Kyprolis (carfilzomib) in combination with low-dose dexamethasone is superior to Velcade (bortezomib) plus low-dose dexamethasone for the treatment of patients with relapsed multiple myeloma, a planned interim analysis from the phase III head-to-head ENDEAVOR trial has shown.1

Multiple myeloma is a cancer formed by malignant plasma cells in the bone marrow.

The American Cancer Society estimates that there will be about 26,850 new cases of multiple myeloma diagnosed in the United States in 2015 and about 11,240 deaths as a result of the disease.2

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Kyprolis and Velcade are both proteasome inhibitors with Kyprolis being initially approved in 2012 by the U.S. Food and Drug Administration (FDA) for the treatment of patients with multiple myeloma who have received at least two prior therapies including bortezomib and an immunomodulatory agent, such as lenalidomide, whose disease has progressed on or within 60 days of completion of last therapy.3

Velcade was initially approved by the FDA in 2003 for the treatment of patients with multiple myeloma.4

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For the multicenter, open-label, phase III study, researchers enrolled 929 patients with relapsed multiple myeloma and randomly assigned them to receive Kyprolis 20 mg/m2 on days 1 and 2, followed by 56 mg/m2 on days 8, 9, 15, and 16 for the 28-day cycle 1 only plus dexamethasone 20 mg on days 1, 2, 8, 9, 15, 16, 22, and 23 or Velcade 1.3 mg/m2 SC or IV on days 1, 4, 8, and 11 plus dexamethasone 20 mg on days 1, 2, 4, 5, 8, 9, 11, and 12 of each 21-day cycle.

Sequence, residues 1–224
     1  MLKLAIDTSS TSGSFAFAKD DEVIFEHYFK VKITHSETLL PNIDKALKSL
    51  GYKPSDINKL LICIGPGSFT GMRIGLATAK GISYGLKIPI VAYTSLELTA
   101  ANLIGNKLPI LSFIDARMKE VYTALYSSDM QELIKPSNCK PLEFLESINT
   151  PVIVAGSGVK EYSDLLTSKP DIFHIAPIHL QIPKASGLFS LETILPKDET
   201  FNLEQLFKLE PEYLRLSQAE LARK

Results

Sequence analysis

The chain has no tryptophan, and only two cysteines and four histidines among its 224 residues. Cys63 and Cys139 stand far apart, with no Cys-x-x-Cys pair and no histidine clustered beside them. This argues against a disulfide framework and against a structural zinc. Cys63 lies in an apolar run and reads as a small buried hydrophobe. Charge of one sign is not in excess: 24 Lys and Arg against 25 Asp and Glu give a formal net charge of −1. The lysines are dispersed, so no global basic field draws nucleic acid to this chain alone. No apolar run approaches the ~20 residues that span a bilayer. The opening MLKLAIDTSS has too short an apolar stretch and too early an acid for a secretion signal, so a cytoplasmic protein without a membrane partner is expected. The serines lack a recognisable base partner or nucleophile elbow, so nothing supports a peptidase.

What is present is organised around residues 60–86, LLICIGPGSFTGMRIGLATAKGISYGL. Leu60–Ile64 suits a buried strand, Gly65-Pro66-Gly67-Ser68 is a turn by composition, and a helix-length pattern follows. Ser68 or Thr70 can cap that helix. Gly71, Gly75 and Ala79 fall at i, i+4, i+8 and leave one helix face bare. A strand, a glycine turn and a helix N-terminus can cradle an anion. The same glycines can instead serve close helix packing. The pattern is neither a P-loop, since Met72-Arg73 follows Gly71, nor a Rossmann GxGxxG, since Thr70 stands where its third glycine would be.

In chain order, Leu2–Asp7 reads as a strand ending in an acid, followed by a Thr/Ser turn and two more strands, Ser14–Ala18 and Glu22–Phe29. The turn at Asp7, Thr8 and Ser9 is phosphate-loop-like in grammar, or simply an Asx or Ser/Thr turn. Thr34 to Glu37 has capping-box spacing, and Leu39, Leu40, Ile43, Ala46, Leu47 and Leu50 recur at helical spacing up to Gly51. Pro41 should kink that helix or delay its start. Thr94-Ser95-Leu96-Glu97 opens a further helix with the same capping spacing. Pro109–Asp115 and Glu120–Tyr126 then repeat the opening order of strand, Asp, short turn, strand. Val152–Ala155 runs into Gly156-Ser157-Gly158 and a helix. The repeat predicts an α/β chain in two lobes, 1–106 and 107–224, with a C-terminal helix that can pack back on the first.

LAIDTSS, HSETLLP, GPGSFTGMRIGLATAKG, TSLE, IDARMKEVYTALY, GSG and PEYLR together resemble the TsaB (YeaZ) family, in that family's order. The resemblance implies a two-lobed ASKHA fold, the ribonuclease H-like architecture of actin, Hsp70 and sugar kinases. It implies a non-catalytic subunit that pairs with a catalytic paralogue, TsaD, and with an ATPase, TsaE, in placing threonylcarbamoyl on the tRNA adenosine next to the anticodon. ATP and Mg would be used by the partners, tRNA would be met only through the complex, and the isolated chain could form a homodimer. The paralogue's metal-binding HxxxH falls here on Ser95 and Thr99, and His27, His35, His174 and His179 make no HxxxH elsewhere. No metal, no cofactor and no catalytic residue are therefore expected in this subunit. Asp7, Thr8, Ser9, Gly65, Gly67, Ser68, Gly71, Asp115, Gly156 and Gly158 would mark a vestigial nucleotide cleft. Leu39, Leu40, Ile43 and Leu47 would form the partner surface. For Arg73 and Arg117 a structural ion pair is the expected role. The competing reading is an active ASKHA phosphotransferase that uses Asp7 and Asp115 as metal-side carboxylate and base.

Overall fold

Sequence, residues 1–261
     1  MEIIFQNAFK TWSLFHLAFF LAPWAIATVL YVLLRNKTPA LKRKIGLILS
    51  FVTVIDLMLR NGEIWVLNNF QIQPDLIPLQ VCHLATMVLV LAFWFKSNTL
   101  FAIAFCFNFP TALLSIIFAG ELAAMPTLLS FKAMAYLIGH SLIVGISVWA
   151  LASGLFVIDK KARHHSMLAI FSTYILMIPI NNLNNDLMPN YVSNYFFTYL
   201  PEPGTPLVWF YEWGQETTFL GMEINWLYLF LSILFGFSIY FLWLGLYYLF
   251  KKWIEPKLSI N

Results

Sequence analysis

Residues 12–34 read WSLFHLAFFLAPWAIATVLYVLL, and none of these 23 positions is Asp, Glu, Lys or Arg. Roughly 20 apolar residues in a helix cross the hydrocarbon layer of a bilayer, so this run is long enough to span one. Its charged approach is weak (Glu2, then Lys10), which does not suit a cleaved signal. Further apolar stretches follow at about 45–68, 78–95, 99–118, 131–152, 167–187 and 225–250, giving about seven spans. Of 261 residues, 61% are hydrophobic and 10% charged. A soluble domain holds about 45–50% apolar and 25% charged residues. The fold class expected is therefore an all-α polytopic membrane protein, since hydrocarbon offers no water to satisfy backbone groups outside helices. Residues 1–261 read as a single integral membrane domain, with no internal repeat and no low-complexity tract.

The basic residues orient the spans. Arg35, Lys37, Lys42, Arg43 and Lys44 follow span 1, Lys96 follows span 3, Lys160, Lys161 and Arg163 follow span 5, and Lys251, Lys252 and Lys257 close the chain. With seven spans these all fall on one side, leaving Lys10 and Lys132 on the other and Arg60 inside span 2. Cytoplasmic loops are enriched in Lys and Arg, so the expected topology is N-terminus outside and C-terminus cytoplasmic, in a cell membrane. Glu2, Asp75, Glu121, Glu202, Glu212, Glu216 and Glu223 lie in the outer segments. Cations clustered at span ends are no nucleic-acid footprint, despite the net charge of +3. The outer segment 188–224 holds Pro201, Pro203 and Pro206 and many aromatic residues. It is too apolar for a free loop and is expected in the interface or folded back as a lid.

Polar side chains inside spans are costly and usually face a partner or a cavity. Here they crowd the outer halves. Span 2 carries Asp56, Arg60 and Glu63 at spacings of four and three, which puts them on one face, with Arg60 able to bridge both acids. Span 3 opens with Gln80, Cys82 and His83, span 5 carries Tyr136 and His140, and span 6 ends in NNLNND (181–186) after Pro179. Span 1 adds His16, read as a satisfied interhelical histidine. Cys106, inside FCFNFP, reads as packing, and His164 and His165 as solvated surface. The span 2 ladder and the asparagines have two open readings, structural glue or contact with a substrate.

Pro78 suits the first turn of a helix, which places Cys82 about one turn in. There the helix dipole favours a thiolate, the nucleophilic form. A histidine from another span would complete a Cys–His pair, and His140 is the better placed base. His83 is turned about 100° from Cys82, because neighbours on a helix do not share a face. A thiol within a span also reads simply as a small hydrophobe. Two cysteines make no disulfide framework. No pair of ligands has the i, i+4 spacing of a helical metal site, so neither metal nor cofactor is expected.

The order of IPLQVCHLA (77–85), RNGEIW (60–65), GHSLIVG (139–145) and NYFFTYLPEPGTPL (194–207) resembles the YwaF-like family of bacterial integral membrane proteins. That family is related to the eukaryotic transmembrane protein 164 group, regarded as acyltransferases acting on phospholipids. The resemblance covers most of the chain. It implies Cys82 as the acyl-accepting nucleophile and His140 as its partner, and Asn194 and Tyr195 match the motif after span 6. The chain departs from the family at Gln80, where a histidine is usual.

Patients who tolerated Kyprolis at 56 mg/m2 in cycle 1 were kept at that dose for further cycles.1

Preliminary results show that patients with relapsed multiple myeloma who were treated with Kyprolis had a median progression-free survival of 18.7 months compared with 9.4 months in those treated with Velcade (HR=0.53; 95% CI: 0.44,0.65).

The findings demonstrate that patients with relapsed multiple myeloma treated with Kyprolis lived twice as long as those treated with Velcade without their cancer worsening.1

In regard to safety, treatment discontinuation due to adverse events and on-study deaths were similar between the Kyprolis and Velcade arms. Cardiac and renal failure occurred more commonly in the Kyprolis arm than the Velcade arm.

Hypertension and dyspnea were also more common in patients treated with Kyprolis.1 The most common adverse events associated with Kyprolis use are fatigue, anemia, nausea, thrombocytopenia, dyspnea, diarrhea, and pyrexia.3

RELATED: Farydak Approved for Treatment of Multiple Myeloma

“As new treatment options become available to patients with relapsed multiple myeloma, comparative trials, like ENDEAVOR, are becoming increasingly important to help physicians make informed decisions about the optimal care for patients,” said Pablo J. Cagnoni, MD, President of Onyx Pharmaceuticals, Inc.

“Demonstrating superiority over Velcade in this head-to-head trial supports our goal of ensuring continued improvement of patient outcomes and potentially establishing Kyprolis as the backbone of therapy for patients with multiple myeloma.”1

Overall survival data are not yet mature and full data will be submitted for presentation at the 2015 American Society of Clinical Oncology Annual Meeting in Chicago, IL, in May.1


  1. Phase 3 head-to-head ENDEAVOR study demonstrates superiority of Kyrolis (cafilzomib) over Velcade (bortezomib) in patients with relapsed multiple myeloma. Amgen. Published March 1, 2015. Accessed March 5, 2015.
  2. What are the key statistics about multiple myeloma? American Cancer Society. Published Jan 23, 2015. Accessed March 5, 2015.
  3. Kyprolis (carfilzomib) [package insert]. South San Francisco, CA: Onyx Pharmaceuticals, Inc.
  4. Velcade (bortezomib) [package insert]. Cambridge, MA: Millennium Pharmaceuticals, Inc.